On Saturday 17th December, I attended a gaming convention called Adventure-X, which focused on 2D point-and-click wonders such as Doc Apocalypse and Entrapment. I was in for a treat that day, as I soon found out, and I met some really experienced and interesting people along the way.

When I arrived I was greeted by Mark Lovegrove, who organised the event and the special guests, and was presented a crappy little gift bag (his quote, not mine!) to help me get to know what he had in store. Also, to wish me a Happy Christmas. Lovely. Partly sponsored by Lace Mamba Global, this was the first Adventure-X ever, and no-one really had any idea what to expect, least of all myself. Still, you can’t really go wrong with a £4 ticket.

I started off trying out some of the available demos dotted around the room, mainly The Rail, which I soon got stuck into. This title is a release especially saved up for the Ad-X event, created by James Dearden, ‘Technobabylon Games’ (who I met!). Though short in story, The Rail enables the player to customise how they progress, depending on various ways on how to solve a puzzle. For example, I had to move a heavy box onto a loading bay, but heaven forbid, my old enemy friction is in the way (thank you, amusingly sarcastic hint screen). In order to move this box I either had to find a way to pour hydraulic fluid onto the floor, or warm the room up to the extent that the contents melted, making the box lighter.

Next, I met Stuart Lilford, director and designer of Lightbulb Games, who had brought along his little gem Entrapment, run on AGS, for me to try out. With “classic low-res goodness” and pointedly sarcastic comments from the main character, this demo game is well worth the time and effort put into its creation. You wake up in a sleazy hotel, with a corpse in the room you don’t remember, and an essay on the window explaining that there have been episodes of sniper elimination of cheating partners who have tried to escape in the past, hence the bars, instead of a simple “it’s locked”. I really enjoyed the selectable environment that had clearly taken much thought, red herrings and multiple options to make the experience unique every time you play. Hmm, I think there was a reason I didn’t first try the door… oh yes, that’s right. Because of the huge BOMB attached to it.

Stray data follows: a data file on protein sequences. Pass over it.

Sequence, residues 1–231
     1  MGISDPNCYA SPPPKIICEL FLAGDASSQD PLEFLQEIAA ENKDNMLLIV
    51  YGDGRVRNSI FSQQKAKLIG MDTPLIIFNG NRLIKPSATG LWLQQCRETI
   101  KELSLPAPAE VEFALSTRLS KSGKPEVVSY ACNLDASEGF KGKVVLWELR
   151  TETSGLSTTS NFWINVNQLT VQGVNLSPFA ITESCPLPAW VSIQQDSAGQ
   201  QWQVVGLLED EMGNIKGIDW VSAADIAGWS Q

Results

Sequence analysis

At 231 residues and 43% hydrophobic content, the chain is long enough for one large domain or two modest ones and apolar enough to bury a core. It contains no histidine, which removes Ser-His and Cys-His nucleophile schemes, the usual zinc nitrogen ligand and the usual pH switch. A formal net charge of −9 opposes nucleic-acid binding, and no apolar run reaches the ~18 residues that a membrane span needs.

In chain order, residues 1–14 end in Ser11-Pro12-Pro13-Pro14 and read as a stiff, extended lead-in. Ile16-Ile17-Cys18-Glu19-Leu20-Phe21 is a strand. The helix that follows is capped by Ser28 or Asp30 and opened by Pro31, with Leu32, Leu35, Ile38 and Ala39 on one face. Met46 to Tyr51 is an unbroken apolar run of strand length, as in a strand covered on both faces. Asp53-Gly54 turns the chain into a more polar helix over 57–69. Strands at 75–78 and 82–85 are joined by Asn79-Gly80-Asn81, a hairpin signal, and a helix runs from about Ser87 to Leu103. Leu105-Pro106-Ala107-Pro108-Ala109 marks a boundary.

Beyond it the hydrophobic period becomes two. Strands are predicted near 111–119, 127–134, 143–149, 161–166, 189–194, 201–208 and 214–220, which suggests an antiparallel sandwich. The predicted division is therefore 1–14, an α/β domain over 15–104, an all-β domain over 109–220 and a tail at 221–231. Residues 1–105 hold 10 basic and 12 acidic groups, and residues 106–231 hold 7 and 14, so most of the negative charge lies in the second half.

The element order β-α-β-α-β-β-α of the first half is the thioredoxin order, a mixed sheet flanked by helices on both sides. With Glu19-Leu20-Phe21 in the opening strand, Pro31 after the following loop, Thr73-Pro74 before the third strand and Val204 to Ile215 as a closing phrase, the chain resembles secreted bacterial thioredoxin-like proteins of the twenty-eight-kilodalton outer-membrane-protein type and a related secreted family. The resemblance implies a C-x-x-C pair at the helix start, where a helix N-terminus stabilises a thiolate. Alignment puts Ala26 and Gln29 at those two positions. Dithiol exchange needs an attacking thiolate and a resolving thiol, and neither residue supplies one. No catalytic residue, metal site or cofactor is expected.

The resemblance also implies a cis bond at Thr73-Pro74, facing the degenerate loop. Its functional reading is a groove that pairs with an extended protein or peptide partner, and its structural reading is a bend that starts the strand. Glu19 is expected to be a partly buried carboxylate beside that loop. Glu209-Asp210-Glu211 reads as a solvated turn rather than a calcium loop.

The first presentation was a pre-recorded slideshow about the working progress S3enses, which relies on written descriptions of what your character sees, through sonar and touch. This may seem a little extraordinary. It is. There was a small demo video, and even I couldn’t decipher it; however once it’s out, I expect this new style of game will be a hit. It’s a ‘modern flat’ in competition with just 3 other games that involve a blind 1st person gameplay, and amongst other problems, due to single-direction sprites, there is a lack of alpha channel support, apparently. But there are limited actions, so there’s a sense of making up for the complicating style by it being simple to control (see what I did there?).

The second presentation was by Neil Rennison, creator and co-owner of Tinman Games, through which he came to talk about the wonders of Gamebook Adventures. I won’t go into this too much just now, as I’m trying to organise an interview with Neil himself, but if you’ve ever played Choose Your Own Adventure, Fighting Fantasy or Lone Wolf, then you’re guaranteed to love this: you can play fantasy gamebook RPGs on your iPhone or iPad, with original stories written by original gamebook writers, and a 3D interactive dice simulator!

Following Neil was a presentation from Chris Bateman (who I interviewed earlier that day, which can be found under “Gaming Industry” on the CG homepage), about his concepts and thoughts on representation within games, amongst his involvement with the fantastic Discworld Noir. Chris’ claims to fame are his book titles found with the interview, 38 other games he’s worked on with Hobo International, and the fact that he helped induce Rob Brydon’s career. Sweet!

Once I’d had a quick chat with some guys working on game coding, which is incredibly complex to the untrained eye, by the way, I made my way from the Labour Club to the train station, a two minute walk. Win. Later that day I received an email from Mark to say thanks for coming along, andthat the raffle ticket he gave me when I arrived had come up. As a prize he sent me a gift code to download the entire 5 episode collection of Telltale Games’ Back to the Future, which is awesome, and well worth having a search for.

I was officially the first person to ever attend an Adventure-X expo, and I thoroughly enjoyed myself. I highly recommend anyone who’s interested in games either for fun or with the intent of designing. I’ll send links to anyone who’s interested in coming along to next year’s event.


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